A Lagos-based writer, Mrs Dupe Olaoye-Osinkolu, has dragged a foreign publishing firm, Melrose, to an Ogun State High Court sitting in Ota over the firm’s alleged failure to publish her manuscript submitted to it since 2012.

The claimant, through a law firm, Oluyinka Olujimi & Associates, is asking the court to award N45m damages against Melrose for failing to publish, return, or compensate her as contained in an agreement between them.
The agreement stated among others that “should the publisher be unable to publish the work which is the subject of this agreement due to any unforeseen reasons, the parties to this agreement shall agree on an amount to be paid to the author as compensation for the labour expended.”

In an originating summons, filed by her counsel, Olaoye-Osinkolu informed the court that the company had since 2012 held on to her intellectual work, in flagrant breach of the contract.
She told the court that sometime in 2012, the company published an advertorial in a national newspaper, inviting people with educational children stories to submit them for consideration and eventual publication.

The claimant said she forwarded her story which the defendant reportedly considered good and that she was subsequently invited by the firm for negotiation and signing of a contract.
She said despite repeated demands for the return of her intellectual work, Melrose had neither published the work nor compensated her.

The writer expressed fear that the work might have been published in another country under a fictitious name and title.

Olaoye-Osinkolu, therefore, sought reliefs from the court to declare that the defendant’s failure to either publish or return her manuscript or pay her compensation was wrongful and constituted a breach of agreement between both parties.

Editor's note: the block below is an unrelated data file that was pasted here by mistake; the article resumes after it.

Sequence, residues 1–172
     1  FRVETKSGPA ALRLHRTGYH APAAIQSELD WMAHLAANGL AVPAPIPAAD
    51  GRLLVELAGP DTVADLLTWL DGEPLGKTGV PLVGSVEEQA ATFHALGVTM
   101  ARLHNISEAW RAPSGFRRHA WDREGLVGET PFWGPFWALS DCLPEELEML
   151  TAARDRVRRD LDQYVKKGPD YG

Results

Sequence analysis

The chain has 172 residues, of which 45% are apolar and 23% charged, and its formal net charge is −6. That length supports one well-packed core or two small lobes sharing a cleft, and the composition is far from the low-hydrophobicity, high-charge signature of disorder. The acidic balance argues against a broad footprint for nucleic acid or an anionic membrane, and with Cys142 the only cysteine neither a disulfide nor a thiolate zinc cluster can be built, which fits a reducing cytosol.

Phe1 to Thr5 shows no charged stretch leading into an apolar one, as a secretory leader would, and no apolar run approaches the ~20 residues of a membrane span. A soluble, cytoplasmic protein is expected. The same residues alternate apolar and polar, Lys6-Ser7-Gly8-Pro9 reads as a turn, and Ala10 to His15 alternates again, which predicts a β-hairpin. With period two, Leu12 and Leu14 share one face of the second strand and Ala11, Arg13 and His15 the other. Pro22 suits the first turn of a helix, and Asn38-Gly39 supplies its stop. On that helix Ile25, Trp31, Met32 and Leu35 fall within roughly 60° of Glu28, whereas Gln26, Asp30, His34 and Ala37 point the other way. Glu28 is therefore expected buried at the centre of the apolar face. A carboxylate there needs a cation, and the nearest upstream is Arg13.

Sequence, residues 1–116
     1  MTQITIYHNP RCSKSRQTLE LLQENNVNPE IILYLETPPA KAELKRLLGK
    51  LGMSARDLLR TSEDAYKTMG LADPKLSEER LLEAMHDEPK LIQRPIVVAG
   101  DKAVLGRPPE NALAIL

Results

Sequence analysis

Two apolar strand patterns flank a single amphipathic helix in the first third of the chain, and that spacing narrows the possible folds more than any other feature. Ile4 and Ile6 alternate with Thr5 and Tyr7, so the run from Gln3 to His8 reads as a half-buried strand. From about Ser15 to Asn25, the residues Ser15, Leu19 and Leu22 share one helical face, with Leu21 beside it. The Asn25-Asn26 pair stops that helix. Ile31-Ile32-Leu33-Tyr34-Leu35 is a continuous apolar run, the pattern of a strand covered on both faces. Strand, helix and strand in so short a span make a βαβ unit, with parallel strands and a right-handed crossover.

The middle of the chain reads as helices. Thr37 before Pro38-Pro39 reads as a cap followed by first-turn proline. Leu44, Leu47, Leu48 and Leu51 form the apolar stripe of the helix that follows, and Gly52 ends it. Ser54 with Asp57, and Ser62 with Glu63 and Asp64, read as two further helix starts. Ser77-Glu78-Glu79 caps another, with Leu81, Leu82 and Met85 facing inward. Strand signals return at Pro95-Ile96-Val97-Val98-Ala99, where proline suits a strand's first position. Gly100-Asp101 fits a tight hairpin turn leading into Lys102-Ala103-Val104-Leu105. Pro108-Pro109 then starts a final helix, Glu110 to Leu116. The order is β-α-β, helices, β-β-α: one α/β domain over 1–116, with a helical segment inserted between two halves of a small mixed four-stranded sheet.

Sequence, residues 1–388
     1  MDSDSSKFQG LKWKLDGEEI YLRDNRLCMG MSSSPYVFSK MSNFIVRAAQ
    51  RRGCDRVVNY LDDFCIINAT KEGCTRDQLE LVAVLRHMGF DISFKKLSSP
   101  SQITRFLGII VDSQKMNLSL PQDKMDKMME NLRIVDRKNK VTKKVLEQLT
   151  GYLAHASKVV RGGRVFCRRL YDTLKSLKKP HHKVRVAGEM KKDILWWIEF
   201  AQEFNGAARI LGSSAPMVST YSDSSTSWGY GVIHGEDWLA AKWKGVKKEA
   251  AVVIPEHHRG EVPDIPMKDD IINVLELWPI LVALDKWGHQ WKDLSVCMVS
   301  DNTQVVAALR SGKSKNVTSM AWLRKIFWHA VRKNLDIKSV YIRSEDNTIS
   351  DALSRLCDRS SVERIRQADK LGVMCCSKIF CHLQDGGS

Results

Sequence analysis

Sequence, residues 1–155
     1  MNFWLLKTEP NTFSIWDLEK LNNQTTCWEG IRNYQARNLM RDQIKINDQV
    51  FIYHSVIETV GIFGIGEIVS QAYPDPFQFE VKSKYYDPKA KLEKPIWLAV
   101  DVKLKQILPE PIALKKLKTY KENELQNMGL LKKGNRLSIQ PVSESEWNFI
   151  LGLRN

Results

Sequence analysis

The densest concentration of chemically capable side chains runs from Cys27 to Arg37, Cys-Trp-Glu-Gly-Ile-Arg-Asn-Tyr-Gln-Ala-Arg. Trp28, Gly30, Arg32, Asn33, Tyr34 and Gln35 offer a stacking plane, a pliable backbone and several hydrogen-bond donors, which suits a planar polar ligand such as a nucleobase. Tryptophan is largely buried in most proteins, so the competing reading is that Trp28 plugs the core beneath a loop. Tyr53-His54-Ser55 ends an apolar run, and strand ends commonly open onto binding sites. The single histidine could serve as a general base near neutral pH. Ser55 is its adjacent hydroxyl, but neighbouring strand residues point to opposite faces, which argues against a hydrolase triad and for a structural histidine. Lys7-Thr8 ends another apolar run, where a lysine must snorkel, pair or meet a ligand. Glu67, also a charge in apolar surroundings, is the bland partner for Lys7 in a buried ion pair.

The summons also demanded “a sum of N25m as damages against the defendant for the loss suffered by the claimant on the account of not publishing/returning/compensating the claimant as contained in the agreement; a sum of N20m as compensation for the loss of another contract suffered by the claimant on account of the agreement binding the defendant to the claimant; interest at the rate of 10 per cent per annum from the date of judgment until judgment is satisfied as provided in the rules of court.”
But the company in a preliminary objection filed through a law chambers, Enitan Associates, said the court lacked the jurisdiction to entertain the matter.

The firm argued that the suit was brought as an originating summons and not a writ of summons.
An originating summon is a means of initiating a civil action tabled for determination by a statute while a writ is a formal document addressed to a defendant requiring them to enter an appearance if they want to dispute the claimant’s claims.
The matter was adjourned to April 9, 2019 for further hearing.
Source: Punch News.

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